2. Links. Google came to fame with the PageRank algorithm – which dealt with the problems of search by looking at the links between web pages rather than simply the words on them. McAfee’s point is that in an environment where lots of people author content that links to other content, links become better therefore search becomes better. Enterprise information environments are becoming more highly linked – but not through the methods that McAfee proposed. People don’t create documents with lots of links. However data that sits in multiple systems is being linked together – enabling not only better retrieval but deployment of that data in new forms and contexts.
  3. Authoring. If we give people in organisations blogs and wikis, verily they will write lots of stuff in these blogs and wikis. Nope. The vast majority of them won’t. Unless we pay them to.
  4. Tags. And then people will tag their stuff and other people’s stuff with lots of handy keywords. Nope. Most of them won’t do that either. Folksonomies get a reference. Ah the 2000s – such innocent days*!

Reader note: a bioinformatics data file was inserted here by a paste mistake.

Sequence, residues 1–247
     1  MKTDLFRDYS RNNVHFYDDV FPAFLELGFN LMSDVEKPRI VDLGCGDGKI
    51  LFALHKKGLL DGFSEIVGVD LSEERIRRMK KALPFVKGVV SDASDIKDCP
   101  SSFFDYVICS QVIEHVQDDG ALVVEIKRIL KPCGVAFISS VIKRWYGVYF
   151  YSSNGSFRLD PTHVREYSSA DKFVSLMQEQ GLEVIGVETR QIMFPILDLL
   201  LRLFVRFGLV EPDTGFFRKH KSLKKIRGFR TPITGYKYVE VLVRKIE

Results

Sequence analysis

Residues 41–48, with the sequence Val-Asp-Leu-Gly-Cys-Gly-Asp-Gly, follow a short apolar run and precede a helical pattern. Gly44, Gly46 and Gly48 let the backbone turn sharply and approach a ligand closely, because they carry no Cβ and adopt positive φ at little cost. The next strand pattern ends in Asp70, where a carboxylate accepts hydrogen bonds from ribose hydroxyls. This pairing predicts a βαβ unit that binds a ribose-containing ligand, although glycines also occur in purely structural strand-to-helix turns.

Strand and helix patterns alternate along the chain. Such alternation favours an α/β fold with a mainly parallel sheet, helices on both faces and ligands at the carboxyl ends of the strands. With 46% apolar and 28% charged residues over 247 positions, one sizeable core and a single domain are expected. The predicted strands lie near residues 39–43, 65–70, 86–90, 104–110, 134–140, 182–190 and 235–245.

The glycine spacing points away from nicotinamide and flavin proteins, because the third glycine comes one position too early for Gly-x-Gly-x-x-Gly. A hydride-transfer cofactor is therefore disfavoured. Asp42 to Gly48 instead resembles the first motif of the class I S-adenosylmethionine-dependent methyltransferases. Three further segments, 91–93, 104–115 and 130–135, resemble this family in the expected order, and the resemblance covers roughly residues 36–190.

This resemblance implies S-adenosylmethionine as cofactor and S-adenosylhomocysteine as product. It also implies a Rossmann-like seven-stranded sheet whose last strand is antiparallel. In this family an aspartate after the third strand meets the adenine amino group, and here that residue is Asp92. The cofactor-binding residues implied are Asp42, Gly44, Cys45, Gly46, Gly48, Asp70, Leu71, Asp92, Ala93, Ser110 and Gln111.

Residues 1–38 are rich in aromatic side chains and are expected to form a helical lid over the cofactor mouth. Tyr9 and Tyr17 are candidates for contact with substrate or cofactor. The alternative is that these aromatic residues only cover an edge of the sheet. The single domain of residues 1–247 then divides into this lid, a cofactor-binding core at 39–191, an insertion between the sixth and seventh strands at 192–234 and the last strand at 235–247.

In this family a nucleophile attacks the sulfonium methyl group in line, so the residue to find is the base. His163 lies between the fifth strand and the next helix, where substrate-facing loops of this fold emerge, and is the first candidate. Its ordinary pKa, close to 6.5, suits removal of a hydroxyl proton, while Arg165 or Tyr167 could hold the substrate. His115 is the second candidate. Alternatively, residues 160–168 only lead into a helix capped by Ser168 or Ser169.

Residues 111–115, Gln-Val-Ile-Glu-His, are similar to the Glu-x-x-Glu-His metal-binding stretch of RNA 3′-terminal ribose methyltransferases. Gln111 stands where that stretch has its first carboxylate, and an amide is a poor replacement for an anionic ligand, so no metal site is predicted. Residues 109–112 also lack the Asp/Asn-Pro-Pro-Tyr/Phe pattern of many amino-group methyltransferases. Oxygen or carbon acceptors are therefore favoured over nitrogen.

5. Extensions. Not hair extensions. Not exam extensions. Not exam extensions caused by hair extensions gone wrong. Instead – “automating some of the work of categorization and pattern matching” through recommendation engines and the like. A decade on, we are just starting to see this become a reality with search-based applications and AI.
  6. Signals. Letting people know what’s going on. With a funky, new technology like RSS. We do that but in different ways to the ones imagined in this article. Email is still… everywhere. Activity feeds became popular in the wake of Twitter and chat has come back in a big way in the last few years (hello Slack). I don’t think we have figured out how to make this work yet.

The article is noteworthy for the lack of any reference to Facebook (founded 2004), Twitter (yet to be launched in April 2006), or even MySpace (founded 2003). It’s dealing with a an earlier set of technologies that emerged in the consumer space and then were used by some inside corporations. A harsh reading (overly harsh) is that it’s already out of date on publication. A more generous reading is that it is an honest attempt to tackle a messy, emergent environment at a point in time. And that’s an inherently risky activity.

McAfee also identified 2 “threats” to Enterprise 2.0.